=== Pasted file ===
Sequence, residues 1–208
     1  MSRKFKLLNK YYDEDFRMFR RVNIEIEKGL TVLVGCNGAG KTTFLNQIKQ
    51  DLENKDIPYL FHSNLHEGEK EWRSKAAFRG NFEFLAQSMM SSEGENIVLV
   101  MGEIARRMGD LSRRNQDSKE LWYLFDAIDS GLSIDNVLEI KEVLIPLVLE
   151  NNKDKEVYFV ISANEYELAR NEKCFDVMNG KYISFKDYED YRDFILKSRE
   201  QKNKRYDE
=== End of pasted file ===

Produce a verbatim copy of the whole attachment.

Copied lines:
Sequence, residues 1–208
     1  MSRKFKLLNK YYDEDFRMFR RVNIEIEKGL TVLVGCNGAG KTTFLNQIKQ
    51  DLENKDIPYL FHSNLHEGEK EWRSKAAFRG NFEFLAQSMM SSEGENIVLV
   101  MGEIARRMGD LSRRNQDSKE LWYLFDAIDS GLSIDNVLEI KEVLIPLVLE
   151  NNKDKEVYFV ISANEYELAR NEKCFDVMNG KYISFKDYED YRDFILKSRE
   201  QKNKRYDE